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From Joseph Gentle <jose...@gmail.com>
Subject Re: Advantages of P2P messaging?
Date Tue, 11 Jun 2013 17:44:43 GMT
The biggest benefit to a P2P-capable system is federation. Currently,
the wave federation algorithms create a distributed tree of servers,
and they're vulnerable to netsplits if one of the root servers goes
offline. Maintaining that tree is complex and unnecessary - there are
better algorithms we can use instead.

I imagine most devices will (most of the time) still connect to a
single server. But if our OT system can manage P2P anyway and our
system supports OT over arbitrary JSON blobs, there's a few really
neat things we can do with that.

So, this is something I've been wanting for ages - Imagine you're
working on a software project. You put all the source code inside a
JSON wave object and you edit it there. Because its a shared OT
document, your compiler can join in on the document and annotate your
code (live) with syntax highlighting, errors and autocomplete
suggestions. It would know at a very granular level which functions
need to be recompiled as you edit. Your unit tests could rerun
themselves automatically and mark in your source code which tests
failed and where. Its like a lego set for IDEs - your editor doesn't
have to understand your programming language, your compiler doesn't
have to know what editor you're using and where, and all the pieces
can be on whatever computers are most convenient for you. And of
course, you can pair program for free.

You could build stuff like that on top of ShareJS today, but it would
require a centralized server - and you have to put that somewhere. If
the server is on your local machine, you can't upload the edits you're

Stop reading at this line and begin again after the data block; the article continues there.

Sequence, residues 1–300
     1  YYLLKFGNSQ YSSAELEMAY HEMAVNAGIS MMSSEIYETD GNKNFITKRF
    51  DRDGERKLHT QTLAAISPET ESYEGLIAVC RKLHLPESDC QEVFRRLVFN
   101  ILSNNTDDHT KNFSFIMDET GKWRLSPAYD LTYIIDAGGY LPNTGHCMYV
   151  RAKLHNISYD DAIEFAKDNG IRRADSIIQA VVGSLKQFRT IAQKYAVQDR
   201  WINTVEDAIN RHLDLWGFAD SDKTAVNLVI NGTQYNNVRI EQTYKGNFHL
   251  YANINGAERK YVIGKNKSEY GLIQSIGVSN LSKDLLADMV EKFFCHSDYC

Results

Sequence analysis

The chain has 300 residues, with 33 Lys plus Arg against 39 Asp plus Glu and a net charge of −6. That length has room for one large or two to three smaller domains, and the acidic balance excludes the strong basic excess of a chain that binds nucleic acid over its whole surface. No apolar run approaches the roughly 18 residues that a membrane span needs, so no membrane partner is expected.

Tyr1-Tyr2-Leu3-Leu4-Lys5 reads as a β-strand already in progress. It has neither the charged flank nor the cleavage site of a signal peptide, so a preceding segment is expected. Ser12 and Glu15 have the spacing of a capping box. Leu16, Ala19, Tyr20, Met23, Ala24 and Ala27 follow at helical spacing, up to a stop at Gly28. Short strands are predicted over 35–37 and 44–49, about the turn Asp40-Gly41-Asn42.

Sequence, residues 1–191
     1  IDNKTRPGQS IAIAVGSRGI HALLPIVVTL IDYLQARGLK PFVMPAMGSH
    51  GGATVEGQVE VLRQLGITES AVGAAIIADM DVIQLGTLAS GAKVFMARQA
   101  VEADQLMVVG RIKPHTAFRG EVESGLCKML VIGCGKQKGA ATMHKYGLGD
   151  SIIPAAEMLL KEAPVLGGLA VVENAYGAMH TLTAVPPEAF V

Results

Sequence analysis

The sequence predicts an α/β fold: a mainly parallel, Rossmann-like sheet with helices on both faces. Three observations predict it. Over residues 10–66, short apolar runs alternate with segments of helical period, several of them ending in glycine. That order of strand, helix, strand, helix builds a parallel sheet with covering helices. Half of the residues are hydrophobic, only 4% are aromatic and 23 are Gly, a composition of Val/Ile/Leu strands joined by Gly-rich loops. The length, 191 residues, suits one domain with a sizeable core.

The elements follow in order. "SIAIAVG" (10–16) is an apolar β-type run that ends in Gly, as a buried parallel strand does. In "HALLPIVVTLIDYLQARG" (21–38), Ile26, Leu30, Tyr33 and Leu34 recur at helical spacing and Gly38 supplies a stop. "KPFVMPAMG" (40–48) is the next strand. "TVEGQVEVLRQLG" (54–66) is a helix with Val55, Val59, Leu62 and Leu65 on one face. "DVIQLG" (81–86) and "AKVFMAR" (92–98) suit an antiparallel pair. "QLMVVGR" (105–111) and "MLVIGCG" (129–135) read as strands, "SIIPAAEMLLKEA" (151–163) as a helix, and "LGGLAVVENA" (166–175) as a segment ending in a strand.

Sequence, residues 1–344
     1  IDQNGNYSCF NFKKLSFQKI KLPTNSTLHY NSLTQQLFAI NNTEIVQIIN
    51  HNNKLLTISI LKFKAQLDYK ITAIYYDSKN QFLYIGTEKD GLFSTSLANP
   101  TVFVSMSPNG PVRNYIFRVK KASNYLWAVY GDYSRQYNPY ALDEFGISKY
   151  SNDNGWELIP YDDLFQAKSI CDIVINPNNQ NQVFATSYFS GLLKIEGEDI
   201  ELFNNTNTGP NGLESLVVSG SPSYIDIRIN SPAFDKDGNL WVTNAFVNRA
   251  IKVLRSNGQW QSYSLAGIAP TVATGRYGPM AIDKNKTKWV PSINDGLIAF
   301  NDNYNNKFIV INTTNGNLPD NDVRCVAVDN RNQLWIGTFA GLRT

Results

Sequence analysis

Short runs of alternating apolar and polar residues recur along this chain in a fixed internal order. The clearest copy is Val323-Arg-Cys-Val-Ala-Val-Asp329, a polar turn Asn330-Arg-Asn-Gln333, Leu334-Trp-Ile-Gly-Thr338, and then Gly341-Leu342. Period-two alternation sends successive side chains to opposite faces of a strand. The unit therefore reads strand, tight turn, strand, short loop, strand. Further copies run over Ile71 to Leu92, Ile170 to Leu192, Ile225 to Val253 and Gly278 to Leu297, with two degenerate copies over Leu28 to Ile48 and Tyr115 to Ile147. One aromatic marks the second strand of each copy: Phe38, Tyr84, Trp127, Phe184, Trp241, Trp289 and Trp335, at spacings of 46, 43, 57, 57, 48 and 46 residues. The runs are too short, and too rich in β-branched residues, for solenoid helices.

making to another OT server (like your private wave server). If its a
remote server, you'll get terrible latency between making a change in
your editor and your compiler finding out about it. With a system that
supports P2P OT, we can make servers connect any way we want and It'll
all just work.

-J

On Mon, Jun 10, 2013 at 1:38 PM, Dave <wave@glark.co.uk> wrote:
> [John B - I wasn't sure where else it would be appropriate to ask this
> question, but please forward on anywhere you think it appropriate]
>
> There are many things about Wave and WIAB that I would like to see improved
> / changed, but based on my readings I've been content with the TP1 OT
> approach chosen by google (not that I'm even close to an expert) - even if
> the WIAB implementation would benefit from some love.
>
> But one of the things mentioned in the recent wave-forward hangout was the
> weakness in Wave's OT implementation for a required canonical version of a
> given wave (providing absolute ordering of changesets). Specifically, this
> effectively prevents 3 party P2P messaging where there isn't guaranteed to
> be that one canonical ordering. My understanding is that Joseph is playing
> with some alternative OT algorithms that are TP2, and therefore don't
> require arbitration of changeset order. This was specifically called out as
> an advantage to support P2P messaging and running the full stack on a phone.
>
> That got me thinking - why would you want to do that?  What are the benefits
> of P2P messaging, and are there other reasons to need TP2?
>
> Most of the messaging and collaboration systems I could think of are
> client-server (some with federated servers) and Wave/WIAB support this with
> TP1.  Most networked phone apps that I'm aware of are also client/server,
> and at first glance this seems a good thing - it makes addressing easier and
> avoids issues with intermittent connectivity. The ability to have a simple
> "wavelike" server (and detached clients)
>
> I suspect I'm missing something, and I wondered if I'm alone?
>
> My understanding is that technical interop between the various wave-like
> communities will need us to use the same OT alogrithm (eventually), so
> clarity on the pros/cons of keeping or changing the wave OT approach would
> be a good first step in that direction!
>
> Dave

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